Celebrating The Pious Relationship Between The Man-made and The Natural: Rock House, Ahmedabad
Today we are talking about a small, intimate weekend home situated near Ahmedabad that celebrates materiality and the relationship between the man-made and the natural - reducing carbon footprints. The team used earthy, local materials, shaped and worked by local hands, to build this modest, private retreat. The surroundings were left largely undisturbed while building this ecologically sensitive accommodation.
The dwelling is home to a couple who were desirous of a space that would reconcile privacy with transparency and possess a strong connection to the outside. The key to this project was to build the home around nature instead of weaving nature into the home.
There is the modesty of articulation, which is rich with consideration for the environment, as well as the consciousness that a weekend home should offer you an experience that is fundamentally different from a routine one.
Natural and raw materials were the primary medium through which this guiding principle was articulated. In addition to the organic envelope, the building features water bodies and is surrounded by local species of insect repellent plants - thus developing its own micro-ecosystem. The programme and planning were also driven by this objective for communing with nature. The team minimized the built-form - which was designed as a shelter for essential activities so that most of the day was spent outside.
The site is surrounded by large local mature trees that act as natural sun-breakers, shading all the pathways and the periphery of the home. These provide shelter and sustenance to a variety of birds and small fauna, encouraging biodiversity. The team consciously stayed away from fragmenting the overall landscape with compound walls/boundaries, and the home relies on the natural boundaries created by the vegetation for a notion of privacy.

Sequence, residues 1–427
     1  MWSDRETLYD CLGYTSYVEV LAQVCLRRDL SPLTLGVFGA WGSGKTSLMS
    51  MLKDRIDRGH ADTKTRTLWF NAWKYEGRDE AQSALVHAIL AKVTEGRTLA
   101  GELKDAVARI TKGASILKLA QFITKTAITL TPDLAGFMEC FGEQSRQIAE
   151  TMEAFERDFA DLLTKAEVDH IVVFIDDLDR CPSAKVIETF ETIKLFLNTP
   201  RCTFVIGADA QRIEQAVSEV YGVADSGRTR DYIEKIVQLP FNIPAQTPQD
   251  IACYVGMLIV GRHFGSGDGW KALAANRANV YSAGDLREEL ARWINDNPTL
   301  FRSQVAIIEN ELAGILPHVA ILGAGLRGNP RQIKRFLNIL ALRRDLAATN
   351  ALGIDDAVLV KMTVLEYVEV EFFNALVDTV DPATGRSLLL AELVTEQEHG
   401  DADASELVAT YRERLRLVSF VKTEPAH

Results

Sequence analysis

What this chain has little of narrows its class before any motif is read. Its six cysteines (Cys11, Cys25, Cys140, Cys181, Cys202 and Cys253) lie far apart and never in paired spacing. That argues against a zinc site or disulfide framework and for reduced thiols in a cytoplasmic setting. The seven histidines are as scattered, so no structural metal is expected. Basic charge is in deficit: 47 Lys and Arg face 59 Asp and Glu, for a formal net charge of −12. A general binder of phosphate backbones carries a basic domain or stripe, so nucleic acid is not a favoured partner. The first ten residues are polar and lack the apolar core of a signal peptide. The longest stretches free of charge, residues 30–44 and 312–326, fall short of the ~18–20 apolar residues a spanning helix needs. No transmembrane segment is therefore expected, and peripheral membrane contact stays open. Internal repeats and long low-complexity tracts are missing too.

The Architectural Formalization
The built-form is articulated as a modest single-storey H-shaped block that impinges upon the visual surroundings very gently. The plinth is raised by two feet to provide a small vantage point. The envelope uses locally sourced Dhrangadhdra stone for the foundation as well as the construction - thus its name, Rock House.
Aligned to the central philosophy of the project, the one-foot-thick stone walls retain the material's original raw form both inside and outside and dispense with any sort of cosmetic layering. The floor-to-ceiling glazing strengthens the home's connection with nature, making its play of seasons, light and shadows an intimate part of the internal experience. The living spaces are column-free to allow an unobstructed view of the surroundings. The stone and glass facade act as a bridge that links the home to the green landscaping.
The Internal Programme
The programme tries to balance contrarian traits with spaces for solitude and congregation, sound and silence. The layout comprises two staggered bays connected by a small passage. Sequentially, one bay accommodates the entry, the washrooms and the master room; the other is an integrated living/dining/kitchenette volume. This orchestration allows the main spaces to remain open on at least two sides, capitalizing on the surroundings. The interstitial gaps between the two bays, and indeed, the rest of the plot, are landscaped.